Over the years, celebrity endorsements have played a pivotal role in brand promotion and awareness. Many businesses have successfully leveraged the popularity and appeal of celebrities to enhance their brand image and drive sales. However, the landscape of celebrity endorsements has undergone significant changes in recent times and with the rise in digital-first brands. With new risks, higher consumer expectations, and changing preferences, businesses are now taking on completely different risks and challenges with celebrity endorsements. One of the most notable shifts is the transition from traditional celebrity endorsements to celebrity-owned brands. In this blog post, we will explore the evolution of celebrity endorsements, the new risks associated with them, and the impact of celebrity-owned brands on the market.
With the rise of social media, the risks associated with celebrity endorsements have increased significantly. In today's digital age, anything can go viral in a matter of seconds, and bad publicity can have a significant impact on a brand's image and reputation. Moreover, both the celebrity and the brand are liable for each other's actions, and any misstep can result in costly lawsuits and damage to their public image. A prime example of this is the latest lawsuits for celebrities who endorsed FTX before its historic fall. The list of celebrities in the lawsuit includes A-list stars and professional athletes like Tom Brady & his ex-wife Gisele Bündchen. The underlying argument of these lawsuits is that celebrities should have done their own due diligence to ensure FTX was operating correctly. Since they didn’t do the proper due diligence and still choose to endorse the brand they effectively influenced their audience to interact with a brand that ultimately led to the majority of people losing their money. The risks of celebrity endorsements go beyond just financial and legal repercussions; they can also cause irreparable harm to a brand's image, and it can take years to recover from a public scandal. Even more recently than FTX, Bud Light has been under scrutiny for its brand partnership with transgender influencer Dylan Mulvayne. In short, Bud Light posted a promotional video for a new sweepstakes that featured Dylan Mulvayne. This sparked outrage and in some cases calls for a boycott of the brand. As of this article, Bud Light’s parent company Anheuser-Busch lost over $6 Billion dollars in market capitalization just 6 days after the partnership became public. Although this specific situation has a ton of different layers that contributed to the outrage, this is a reminder that businesses must be more cautious and strategic when selecting celebrities to endorse their brands and should consider the potential risks associated with their chosen celebrity carefully.
In recent years, the impact of celebrity endorsements has been on the decline. While in the past, celebrities were seen as powerful influencers who could sway consumer behavior and drive sales, today's consumers are more discerning. With the rise of social media and influencer marketing, consumers are becoming savvier and can easily spot inauthentic partnerships. As a result, celebrities looking to launch their own brands need to be more strategic in their approach. They need to be authentic and transparent, showing that they truly believe in their product and are not simply using their fame to make a quick buck. Otherwise, they risk alienating their fan base and losing the very consumers they were hoping to attract.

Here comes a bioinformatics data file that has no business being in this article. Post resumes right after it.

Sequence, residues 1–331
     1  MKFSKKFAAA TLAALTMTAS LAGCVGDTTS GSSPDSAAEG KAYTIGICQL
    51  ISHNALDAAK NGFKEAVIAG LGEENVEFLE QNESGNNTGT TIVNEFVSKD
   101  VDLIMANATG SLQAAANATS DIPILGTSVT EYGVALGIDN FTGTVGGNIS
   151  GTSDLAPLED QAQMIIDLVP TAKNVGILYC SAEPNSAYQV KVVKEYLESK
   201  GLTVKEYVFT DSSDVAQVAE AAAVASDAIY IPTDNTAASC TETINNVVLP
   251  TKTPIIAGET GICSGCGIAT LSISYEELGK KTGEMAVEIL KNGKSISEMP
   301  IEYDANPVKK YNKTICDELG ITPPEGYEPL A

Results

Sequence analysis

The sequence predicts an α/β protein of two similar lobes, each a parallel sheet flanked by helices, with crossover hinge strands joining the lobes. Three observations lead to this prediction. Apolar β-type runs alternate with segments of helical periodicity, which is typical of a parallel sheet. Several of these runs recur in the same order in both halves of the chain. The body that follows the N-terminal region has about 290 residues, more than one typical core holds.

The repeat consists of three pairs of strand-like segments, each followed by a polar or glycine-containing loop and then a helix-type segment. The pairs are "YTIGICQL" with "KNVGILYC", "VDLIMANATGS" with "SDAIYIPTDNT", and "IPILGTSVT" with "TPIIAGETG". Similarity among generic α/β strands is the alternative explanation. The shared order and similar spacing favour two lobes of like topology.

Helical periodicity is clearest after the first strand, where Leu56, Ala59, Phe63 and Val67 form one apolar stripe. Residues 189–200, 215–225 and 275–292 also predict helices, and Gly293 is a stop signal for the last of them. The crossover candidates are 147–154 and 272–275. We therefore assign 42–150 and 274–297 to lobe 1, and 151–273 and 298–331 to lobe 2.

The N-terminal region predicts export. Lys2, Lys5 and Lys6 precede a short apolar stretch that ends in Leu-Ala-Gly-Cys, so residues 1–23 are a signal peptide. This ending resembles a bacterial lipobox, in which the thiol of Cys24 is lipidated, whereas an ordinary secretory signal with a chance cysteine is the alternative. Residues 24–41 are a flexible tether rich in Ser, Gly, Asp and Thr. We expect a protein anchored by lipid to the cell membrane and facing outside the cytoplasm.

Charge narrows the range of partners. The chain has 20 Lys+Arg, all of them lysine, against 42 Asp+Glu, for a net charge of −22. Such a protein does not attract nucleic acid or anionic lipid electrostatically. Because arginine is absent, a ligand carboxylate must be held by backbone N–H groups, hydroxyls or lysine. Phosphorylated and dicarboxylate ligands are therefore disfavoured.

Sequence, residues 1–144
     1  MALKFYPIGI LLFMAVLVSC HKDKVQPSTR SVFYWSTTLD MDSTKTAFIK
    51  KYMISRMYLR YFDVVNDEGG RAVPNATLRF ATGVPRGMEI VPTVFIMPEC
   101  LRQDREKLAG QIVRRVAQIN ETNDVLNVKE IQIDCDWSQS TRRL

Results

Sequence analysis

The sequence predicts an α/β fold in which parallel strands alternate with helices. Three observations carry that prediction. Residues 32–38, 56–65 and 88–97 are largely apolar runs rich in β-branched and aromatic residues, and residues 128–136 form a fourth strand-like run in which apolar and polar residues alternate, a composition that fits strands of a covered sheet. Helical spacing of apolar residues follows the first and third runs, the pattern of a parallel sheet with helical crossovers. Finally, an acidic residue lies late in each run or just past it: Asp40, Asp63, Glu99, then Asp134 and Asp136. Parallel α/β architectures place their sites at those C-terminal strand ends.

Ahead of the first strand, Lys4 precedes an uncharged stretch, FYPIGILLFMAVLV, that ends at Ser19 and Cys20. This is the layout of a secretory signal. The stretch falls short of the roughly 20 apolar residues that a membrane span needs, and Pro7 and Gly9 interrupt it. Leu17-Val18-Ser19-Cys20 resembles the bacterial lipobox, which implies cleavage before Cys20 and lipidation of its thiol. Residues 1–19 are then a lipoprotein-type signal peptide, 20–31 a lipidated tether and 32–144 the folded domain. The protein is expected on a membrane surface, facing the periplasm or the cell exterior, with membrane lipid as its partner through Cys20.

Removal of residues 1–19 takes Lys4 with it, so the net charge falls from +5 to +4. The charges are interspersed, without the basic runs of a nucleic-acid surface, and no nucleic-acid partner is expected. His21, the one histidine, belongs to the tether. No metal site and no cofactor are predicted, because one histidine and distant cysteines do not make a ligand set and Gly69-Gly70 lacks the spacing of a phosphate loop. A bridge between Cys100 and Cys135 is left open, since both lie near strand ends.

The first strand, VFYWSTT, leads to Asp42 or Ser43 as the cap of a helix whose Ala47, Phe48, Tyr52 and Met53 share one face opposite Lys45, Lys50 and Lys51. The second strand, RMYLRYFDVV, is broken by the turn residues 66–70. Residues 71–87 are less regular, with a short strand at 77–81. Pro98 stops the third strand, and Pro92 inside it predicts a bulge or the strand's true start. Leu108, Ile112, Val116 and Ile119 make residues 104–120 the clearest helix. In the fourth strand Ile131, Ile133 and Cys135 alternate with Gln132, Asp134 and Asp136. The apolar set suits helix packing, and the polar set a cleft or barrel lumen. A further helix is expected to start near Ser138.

One significant shift in the celebrity endorsement landscape is the rise of celebrity-owned brands. Unlike traditional celebrity endorsements, these brands are built on a genuine relationship between the celebrity and the product they are selling. Because the celebrity has a personal stake in the success of the brand, they are often more invested in its success and can be more effective at promoting it authentically. This not only helps to drive consumer action but also gives the celebrity a greater upside than a traditional endorsement deal. By owning the brand, the celebrity can benefit from its success in the long term, rather than simply collecting a one-time fee for their endorsement. This does however place the full risk on the celebrity themselves. If a celebrity is involved in a scandal that is separate from the brand itself this can still impact the brand itself. We saw this take palace over the past year with Kanye West and Yeezy. As Kanye found himself in a massive public scandal, his brand took a massive hit as Adidas announced it would stop manufacturing and selling Yeezy products. Overall, the power of celebrity-owned brands lies in the authentic relationship between the celebrity and the product, leading to more effective promotion and greater long-term benefits for both the celebrity and the brand.